As New York City’s ubiquitous and unloved sidewalk sheds go, it was not one of the ancients, but it was definitely getting long in the tooth. Now, at the ripe age of 11, the sidewalk shed and scaffolding surrounding 280 Broadway at Chambers Street is finally coming down, Crain’s reports.
"It will be the first time a number of us have seen the building without the shed, including me," says Andrew Rudansky, senior deputy press secretary at the Department of Buildings, which has offices in the building, also known as the Sun Building because it once housed that newspaper’s offices and still sports its iconic clock with the logo “The Sun: It Shines for All.” The 150-year-old building’s Tuckahoe marble facade needed $17.8 million worth of work.
As most co-op and condo boards know, sidewalk sheds and the scaffolding above them are the result of Local Law 11, now known as the Facade Inspection and Safety Program, which requires inspection and repairs to facades of buildings taller than six stories every five years. The sheds are designed to protect pedestrians from falling debris. The law was originally passed in 1980, a year after falling masonry killed a Barnard College student named Grace Gold at the corner of Broadway and 115th Street.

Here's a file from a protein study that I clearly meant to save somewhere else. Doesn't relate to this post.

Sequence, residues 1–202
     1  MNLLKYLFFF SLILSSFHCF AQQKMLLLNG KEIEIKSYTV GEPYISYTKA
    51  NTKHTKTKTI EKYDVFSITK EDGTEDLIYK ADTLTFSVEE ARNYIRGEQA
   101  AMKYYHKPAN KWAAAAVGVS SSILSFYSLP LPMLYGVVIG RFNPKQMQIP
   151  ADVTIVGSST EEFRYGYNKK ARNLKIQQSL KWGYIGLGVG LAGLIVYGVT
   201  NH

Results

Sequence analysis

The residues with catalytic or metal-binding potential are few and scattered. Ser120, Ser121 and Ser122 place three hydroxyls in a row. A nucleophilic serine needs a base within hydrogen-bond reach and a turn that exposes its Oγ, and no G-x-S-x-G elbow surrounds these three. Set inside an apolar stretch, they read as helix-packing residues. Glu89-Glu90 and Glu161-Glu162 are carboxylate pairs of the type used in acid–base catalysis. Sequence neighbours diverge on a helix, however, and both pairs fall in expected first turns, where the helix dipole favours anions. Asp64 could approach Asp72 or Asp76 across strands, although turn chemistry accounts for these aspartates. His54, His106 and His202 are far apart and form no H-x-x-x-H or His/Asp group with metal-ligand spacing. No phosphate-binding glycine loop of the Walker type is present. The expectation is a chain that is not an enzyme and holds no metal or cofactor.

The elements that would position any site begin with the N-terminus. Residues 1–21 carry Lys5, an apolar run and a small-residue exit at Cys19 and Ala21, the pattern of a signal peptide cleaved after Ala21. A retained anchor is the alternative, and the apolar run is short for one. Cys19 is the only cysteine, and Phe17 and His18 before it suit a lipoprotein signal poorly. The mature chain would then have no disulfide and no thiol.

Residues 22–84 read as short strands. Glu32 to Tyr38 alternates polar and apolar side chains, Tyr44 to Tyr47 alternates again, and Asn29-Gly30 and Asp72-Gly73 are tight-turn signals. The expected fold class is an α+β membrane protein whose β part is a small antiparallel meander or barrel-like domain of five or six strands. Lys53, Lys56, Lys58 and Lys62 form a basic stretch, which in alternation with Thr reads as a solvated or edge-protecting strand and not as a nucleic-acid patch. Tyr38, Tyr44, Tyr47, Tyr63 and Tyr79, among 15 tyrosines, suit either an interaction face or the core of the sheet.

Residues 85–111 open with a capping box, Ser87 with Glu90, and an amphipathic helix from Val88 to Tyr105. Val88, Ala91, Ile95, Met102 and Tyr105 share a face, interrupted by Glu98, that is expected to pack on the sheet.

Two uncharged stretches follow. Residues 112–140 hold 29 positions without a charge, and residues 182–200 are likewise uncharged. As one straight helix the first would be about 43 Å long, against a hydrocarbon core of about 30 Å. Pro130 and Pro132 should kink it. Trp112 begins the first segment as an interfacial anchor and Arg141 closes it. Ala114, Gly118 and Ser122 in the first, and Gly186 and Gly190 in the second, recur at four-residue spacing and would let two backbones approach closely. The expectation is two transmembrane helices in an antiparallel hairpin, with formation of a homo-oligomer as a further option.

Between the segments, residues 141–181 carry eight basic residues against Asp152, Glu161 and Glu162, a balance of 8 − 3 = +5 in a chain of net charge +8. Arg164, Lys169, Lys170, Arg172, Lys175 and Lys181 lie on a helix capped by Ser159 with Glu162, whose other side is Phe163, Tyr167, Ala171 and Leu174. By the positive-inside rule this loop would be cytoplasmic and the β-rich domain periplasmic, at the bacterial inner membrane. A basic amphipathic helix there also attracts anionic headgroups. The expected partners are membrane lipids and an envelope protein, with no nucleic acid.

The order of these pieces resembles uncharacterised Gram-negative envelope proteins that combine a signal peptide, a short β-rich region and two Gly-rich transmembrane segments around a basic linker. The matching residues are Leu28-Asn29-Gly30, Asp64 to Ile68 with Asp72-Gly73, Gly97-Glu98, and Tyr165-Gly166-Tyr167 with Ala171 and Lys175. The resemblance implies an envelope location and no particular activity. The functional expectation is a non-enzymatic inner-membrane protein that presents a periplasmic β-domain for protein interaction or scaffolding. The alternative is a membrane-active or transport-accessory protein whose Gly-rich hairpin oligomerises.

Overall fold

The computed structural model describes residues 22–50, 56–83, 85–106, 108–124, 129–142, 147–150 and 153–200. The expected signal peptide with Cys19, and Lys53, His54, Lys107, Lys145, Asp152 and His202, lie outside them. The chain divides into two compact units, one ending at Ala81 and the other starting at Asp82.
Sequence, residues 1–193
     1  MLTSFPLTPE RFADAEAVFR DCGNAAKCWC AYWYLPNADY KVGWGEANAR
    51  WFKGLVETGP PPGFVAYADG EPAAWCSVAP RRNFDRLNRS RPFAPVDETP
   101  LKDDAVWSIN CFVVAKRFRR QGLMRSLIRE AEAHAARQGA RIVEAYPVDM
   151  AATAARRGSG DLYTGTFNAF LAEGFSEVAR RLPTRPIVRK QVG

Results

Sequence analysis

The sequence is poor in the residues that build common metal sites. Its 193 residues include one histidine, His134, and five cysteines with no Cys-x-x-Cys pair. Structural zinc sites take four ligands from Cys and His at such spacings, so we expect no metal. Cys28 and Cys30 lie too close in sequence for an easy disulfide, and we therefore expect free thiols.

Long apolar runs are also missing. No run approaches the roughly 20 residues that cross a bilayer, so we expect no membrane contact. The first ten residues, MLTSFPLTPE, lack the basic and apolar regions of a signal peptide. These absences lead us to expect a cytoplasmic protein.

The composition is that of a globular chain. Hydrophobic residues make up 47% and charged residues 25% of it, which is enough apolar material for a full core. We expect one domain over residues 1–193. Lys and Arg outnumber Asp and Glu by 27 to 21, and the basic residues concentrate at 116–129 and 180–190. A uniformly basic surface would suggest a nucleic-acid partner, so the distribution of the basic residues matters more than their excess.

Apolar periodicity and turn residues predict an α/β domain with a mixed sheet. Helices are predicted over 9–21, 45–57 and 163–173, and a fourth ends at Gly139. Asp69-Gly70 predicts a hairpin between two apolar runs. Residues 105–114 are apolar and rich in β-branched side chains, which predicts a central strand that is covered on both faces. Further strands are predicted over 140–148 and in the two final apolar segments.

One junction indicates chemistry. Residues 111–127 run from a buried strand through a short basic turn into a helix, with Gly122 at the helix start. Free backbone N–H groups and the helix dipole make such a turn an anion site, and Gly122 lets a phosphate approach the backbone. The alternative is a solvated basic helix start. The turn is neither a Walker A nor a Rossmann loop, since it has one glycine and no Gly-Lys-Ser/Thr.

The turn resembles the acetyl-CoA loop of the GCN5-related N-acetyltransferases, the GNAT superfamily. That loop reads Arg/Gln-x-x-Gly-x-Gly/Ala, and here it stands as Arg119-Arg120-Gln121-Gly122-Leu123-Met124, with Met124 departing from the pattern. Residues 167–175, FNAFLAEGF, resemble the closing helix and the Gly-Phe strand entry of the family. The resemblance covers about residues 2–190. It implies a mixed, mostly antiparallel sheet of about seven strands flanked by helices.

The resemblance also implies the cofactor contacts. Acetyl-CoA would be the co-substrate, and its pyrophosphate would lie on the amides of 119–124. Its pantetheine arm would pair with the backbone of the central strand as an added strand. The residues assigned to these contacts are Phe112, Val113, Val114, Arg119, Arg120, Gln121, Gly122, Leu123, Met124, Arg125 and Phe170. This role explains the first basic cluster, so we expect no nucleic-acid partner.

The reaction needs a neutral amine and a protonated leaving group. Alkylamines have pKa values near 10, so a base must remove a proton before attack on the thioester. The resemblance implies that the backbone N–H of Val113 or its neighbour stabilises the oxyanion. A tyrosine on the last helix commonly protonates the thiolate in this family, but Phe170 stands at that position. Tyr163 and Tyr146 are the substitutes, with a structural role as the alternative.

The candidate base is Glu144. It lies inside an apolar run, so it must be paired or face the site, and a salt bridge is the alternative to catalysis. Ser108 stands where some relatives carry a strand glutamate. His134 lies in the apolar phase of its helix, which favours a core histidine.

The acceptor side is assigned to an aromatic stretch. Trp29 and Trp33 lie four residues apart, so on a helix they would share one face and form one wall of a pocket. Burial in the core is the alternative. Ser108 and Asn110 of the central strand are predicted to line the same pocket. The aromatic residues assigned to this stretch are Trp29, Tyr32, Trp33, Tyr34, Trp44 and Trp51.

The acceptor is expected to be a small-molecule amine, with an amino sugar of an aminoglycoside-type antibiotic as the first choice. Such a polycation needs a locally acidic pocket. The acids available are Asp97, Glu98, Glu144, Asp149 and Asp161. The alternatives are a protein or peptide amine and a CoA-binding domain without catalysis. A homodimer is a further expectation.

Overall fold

Today, the sheds darken more than 300 miles of sidewalks in the five boroughs. City Councilman Ben Kallos introduced legislation that would require landlords to take down dormant sheds, but the bill has gone nowhere amid public-safety concerns and opposition from real-estate owners. As a result, some sheds can enjoy a long life. One at West 123rd Street and Lenox Avenue was taken down last year after 14 years on the job. Another, at the corner of West 115th Street and Lenox Avenue, has stayed in place with only brief interruptions since 1990, when David Dinkins was mayor of New York.
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